The voices of Tax Policy Center's researchers and staff
Congress continues to struggle to reach agreement on a new round of economic relief for millions of people suffering from the effects of the coronavirus pandemic. But lawmakers will need to reckon with the large amount of economic distress faced by many, particularly Black, Hispanic, Indigenous, and immigrant households. Another round (or multiple rounds) of cash payments (such as the Economic Impact Payments made under the CARES Act) would be a powerful poverty-reduction tool that would benefit those most in need.
Both the House-passed Health and Economic Recovery Omnibus Emergency Solutions (HEROES) Act and the Senate’s proposed Health, Economic Assistance, Liability Protection, and Schools (HEALS) Act would provide an additional cash payment to many. That’s not surprising given support from the right and left.
Congress could opt to provide additional federal Unemployment Insurance benefits and increases to the Supplement Nutrition Assistance Program (SNAP, formerly known as food stamps). No doubt, those would be helpful to many people who are struggling as well. But pairing them with another round of broadly available cash payments is critical to making sure people don’t get left behind.
A recent Urban Institute analysis estimated the effect of three distinct provisions of the HEROES Act that would deliver assistance in 2020: a new round of cash payments, increasing SNAP allotments, and another temporary increase in UI benefits. All were found to be powerful tools to address economic hardship, but an additional $1,200 payment per person (up to $6,000 per household) would lift 8.3 million people out of poverty through December of 2020. The extension of the $600 per week federal add-on to state UI payments would bring 3.6 million out of poverty, and the SNAP increases would lift 1.7 million people out of poverty for that same period.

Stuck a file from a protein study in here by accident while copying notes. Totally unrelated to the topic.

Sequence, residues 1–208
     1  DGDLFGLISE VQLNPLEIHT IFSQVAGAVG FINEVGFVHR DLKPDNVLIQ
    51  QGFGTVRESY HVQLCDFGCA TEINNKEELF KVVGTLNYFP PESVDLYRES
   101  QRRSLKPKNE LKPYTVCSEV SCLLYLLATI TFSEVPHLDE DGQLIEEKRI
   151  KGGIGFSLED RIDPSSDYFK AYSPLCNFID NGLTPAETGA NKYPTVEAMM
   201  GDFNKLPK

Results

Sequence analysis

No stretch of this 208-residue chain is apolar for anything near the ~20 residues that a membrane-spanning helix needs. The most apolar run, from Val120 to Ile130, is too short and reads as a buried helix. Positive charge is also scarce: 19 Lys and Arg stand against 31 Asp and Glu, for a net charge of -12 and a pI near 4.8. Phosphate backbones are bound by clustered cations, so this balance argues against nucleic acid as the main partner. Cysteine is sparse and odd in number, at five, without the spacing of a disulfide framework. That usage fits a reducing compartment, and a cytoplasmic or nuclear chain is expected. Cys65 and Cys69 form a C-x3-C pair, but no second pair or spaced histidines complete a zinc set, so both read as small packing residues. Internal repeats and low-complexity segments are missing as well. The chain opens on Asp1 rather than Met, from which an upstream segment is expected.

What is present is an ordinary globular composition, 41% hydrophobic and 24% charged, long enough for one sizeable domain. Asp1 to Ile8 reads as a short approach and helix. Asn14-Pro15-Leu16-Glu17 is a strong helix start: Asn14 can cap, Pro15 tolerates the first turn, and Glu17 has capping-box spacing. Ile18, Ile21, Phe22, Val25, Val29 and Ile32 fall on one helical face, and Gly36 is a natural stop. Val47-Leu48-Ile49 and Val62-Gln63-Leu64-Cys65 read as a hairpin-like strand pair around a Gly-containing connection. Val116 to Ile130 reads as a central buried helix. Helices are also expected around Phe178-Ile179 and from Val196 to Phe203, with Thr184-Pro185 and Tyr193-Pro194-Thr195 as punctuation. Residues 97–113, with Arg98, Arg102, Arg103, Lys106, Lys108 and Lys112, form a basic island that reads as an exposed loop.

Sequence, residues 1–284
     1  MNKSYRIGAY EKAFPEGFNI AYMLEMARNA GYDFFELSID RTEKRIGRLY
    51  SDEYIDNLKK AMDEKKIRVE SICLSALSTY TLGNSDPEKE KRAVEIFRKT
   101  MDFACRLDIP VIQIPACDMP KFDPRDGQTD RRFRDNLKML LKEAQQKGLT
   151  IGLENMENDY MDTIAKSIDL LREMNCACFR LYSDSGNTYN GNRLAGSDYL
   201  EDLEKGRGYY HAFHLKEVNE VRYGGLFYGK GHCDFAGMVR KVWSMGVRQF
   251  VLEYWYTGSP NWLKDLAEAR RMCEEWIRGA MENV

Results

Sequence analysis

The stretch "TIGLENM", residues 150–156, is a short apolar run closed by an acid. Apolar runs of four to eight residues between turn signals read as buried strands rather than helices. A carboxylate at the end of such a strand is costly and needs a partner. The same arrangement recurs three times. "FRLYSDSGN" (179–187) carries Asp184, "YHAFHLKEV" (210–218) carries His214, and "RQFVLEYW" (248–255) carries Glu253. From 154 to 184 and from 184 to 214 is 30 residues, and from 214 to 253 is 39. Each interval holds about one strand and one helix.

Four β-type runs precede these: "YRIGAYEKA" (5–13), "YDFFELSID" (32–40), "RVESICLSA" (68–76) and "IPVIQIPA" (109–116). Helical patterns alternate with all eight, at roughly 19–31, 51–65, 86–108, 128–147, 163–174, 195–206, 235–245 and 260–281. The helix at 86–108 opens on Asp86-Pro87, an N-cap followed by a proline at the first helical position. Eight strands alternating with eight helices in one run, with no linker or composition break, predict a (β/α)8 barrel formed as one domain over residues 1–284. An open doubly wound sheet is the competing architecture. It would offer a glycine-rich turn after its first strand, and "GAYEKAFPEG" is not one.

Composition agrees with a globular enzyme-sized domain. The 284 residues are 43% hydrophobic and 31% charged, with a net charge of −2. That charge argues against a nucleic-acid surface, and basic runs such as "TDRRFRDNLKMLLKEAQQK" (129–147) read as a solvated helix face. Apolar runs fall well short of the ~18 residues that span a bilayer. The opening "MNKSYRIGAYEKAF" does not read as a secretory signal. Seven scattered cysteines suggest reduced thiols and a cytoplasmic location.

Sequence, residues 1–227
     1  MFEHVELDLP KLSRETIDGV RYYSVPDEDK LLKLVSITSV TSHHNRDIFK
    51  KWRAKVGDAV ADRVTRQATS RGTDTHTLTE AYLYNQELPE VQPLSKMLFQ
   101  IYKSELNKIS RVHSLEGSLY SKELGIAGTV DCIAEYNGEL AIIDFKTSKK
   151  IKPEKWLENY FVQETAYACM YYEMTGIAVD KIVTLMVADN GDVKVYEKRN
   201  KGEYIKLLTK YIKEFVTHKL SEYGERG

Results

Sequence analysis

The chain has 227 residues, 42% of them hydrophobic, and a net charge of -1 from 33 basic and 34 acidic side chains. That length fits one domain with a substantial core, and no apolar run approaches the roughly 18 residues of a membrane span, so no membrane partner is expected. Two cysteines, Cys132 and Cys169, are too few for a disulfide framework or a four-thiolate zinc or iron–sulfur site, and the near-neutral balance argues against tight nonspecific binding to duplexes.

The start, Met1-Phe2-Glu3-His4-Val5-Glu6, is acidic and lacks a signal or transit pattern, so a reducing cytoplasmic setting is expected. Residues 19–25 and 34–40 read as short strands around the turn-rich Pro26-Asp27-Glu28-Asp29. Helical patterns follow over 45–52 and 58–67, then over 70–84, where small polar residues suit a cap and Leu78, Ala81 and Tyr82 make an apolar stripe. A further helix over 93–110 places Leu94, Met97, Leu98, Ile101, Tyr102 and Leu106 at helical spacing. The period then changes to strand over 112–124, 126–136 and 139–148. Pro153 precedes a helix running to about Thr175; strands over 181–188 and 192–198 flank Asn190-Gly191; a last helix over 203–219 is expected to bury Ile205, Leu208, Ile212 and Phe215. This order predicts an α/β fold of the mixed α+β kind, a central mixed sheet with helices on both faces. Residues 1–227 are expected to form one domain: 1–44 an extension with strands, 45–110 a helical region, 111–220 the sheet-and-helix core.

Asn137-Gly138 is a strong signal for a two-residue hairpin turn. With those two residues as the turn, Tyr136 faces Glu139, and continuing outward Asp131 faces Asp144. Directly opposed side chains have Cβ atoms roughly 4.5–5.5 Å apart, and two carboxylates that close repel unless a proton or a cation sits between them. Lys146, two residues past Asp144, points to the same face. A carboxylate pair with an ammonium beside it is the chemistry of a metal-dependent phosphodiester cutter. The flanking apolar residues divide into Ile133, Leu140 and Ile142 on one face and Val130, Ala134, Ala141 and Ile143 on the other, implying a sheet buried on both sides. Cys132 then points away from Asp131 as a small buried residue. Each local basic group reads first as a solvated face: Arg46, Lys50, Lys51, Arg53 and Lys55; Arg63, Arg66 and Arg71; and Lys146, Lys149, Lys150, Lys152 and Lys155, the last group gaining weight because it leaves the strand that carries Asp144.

And while one more economic impact payment would be useful, additional analysis showed that a second HEROES Act payment would be even more beneficial. It would be particularly important for Black non-Hispanic households and Hispanic households who would see their projected poverty rate cut by more than half with the HEROES Act provisions and one additional cash payment – a larger percentage than for other households.
Broad-based cash payments are critical, because other solutions tend to miss people. Extending UI benefits, for example, would miss retirees and those who are currently working in low-wage or part-time jobs. In addition, many Black people would not benefit since some of the states with the least generous UI systems are home to a disproportionate share of Black workers. Many jobless workers in those states waited for many weeks to have their claims accepted, enduring long, costly delays.
The majority of people who received an economic stimulus payment report spending it, rather than using it to pay off debt or saving it. Black and Hispanic adults are more likely to report that they used the first round of economic impact payments to meet basic needs—something that may be attributable to having lower earnings before entering the pandemic, which had reduced their ability to save. The Urban Institute's analysis of the Census Bureau’s Household Pulse Survey data from July 9-21 finds that 83 percent of Black adults and 82 percent of Hispanic adults in households that received stimulus paymetns used them for expenses, compared to 71 percent of white households.
If Congress acts to provide a new round of COVID-19 relief, cash payments would be an effective, equitable method to reduce poverty, particularly among Black and Hispanic households.
Posts and comments are solely the opinion of the author and not that of the Tax Policy Center, Urban Institute, or Brookings Institution.
Lynne Sladky, File/AP Photo